The Forest Department is keen to shift a few temples located inside the Bandipur Tiger Reserve to the forest periphery, in a bid to minimise human disturbance in the wildlife habitat.
This is consequent to the growing popularity of some of the temples inside the tiger reserve among people living on the fringes of the forests who frequent the temples during specific festivals. The heavy pilgrim footfall inside the national park and tiger reserve tends to aggravate the man-animal conflict, but there is also the threat of poachers gaining access to wildlife areas during such gatherings to consider.
Conservator of Forests and Director of Bandipur Tiger Reserve K.C. Kantharaj told The Hindu that the plan to shift a few temples to the periphery was in its preliminary stages.
“There is a provision under the Forest Act to allot land up to a maximum of one acre on the periphery of the forests for relocation. We will make an offer to the village committee to shift the temples in lieu of land to be allocated on the forest boundaries,” said Mr. Kantharaju.
There are six temples inside Bandipur, and authorities plan to shift four of them. The remaining two — at Himmavad Gopalaswamy in Bandipur and Belladakuppe in the Hediyala range — are big temples and cannot be relocated. As a solution, the local community would be asked to tone down the festivities.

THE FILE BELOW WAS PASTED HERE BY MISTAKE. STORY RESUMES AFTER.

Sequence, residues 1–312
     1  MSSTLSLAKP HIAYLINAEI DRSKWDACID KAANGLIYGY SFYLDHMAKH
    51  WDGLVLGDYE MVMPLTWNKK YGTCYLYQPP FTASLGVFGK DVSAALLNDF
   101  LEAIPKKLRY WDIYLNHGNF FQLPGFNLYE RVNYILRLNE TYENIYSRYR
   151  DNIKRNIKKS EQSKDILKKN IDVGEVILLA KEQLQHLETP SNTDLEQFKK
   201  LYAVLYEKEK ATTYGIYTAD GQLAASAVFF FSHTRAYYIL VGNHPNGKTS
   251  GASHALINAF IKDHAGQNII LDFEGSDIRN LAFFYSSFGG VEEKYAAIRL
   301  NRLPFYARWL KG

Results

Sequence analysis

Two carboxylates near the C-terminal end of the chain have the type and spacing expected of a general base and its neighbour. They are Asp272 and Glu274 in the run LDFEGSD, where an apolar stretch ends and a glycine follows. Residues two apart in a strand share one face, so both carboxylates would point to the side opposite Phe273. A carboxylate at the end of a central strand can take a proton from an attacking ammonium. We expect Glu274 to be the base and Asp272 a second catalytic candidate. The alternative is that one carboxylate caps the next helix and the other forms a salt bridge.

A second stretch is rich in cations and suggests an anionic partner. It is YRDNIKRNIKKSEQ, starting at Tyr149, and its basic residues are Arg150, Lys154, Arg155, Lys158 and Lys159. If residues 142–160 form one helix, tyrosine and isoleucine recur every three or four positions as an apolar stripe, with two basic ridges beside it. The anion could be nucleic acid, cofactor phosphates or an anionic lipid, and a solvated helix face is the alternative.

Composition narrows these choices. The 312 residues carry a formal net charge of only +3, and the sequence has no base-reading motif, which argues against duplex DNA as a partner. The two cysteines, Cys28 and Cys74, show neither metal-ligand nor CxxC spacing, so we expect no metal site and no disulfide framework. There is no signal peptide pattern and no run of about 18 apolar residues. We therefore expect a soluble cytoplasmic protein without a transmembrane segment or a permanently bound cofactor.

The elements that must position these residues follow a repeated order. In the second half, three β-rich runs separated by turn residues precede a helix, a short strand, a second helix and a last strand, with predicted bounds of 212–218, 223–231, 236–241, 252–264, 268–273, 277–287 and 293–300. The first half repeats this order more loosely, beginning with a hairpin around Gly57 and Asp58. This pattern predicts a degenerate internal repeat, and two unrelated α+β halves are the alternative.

Although the Belladakuppe Mahadeshwara temple committee members have been convinced of the need to scale down festivities, it may not happen overnight and hence a constant effort and awareness drive is required, said Mr. Kantharaj. The issue is complex because the temple is patronised not by just one village but dozens of villages in the periphery and hence the consent of all villages should be secured.
But at Himmavad Gopalaswamy temple, the department is keen to bring in a new system in place under which the movement of all private vehicles to the hilltop will be banned. “We will have a parking lot near Hangala or at the base of the hill. Forest Department vehicles will transport pilgrims to the temple and bring them back, thus regulating the crowd,” Mr. Kantharaj added.
Unlike other temples inside Bandipur, where pilgrims come only on a particular day of a season, the Belladakuppe Mahadeshwara temple attracts people every Monday. There was also a dargah in the Gundre range and another temple at Dodda Bargi in Maddur range, both of which draw significant crowd and pose a threat to wildlife. The scenario in the adjoining Nagarahole National Park is no different; it harbours over 40 places of worship, according to P.M. Muthanna, Assistant Director, Wildlife Conservation Society, India Programme, who added that efforts to relocate places of worship should also be undertaken at Nagarahole.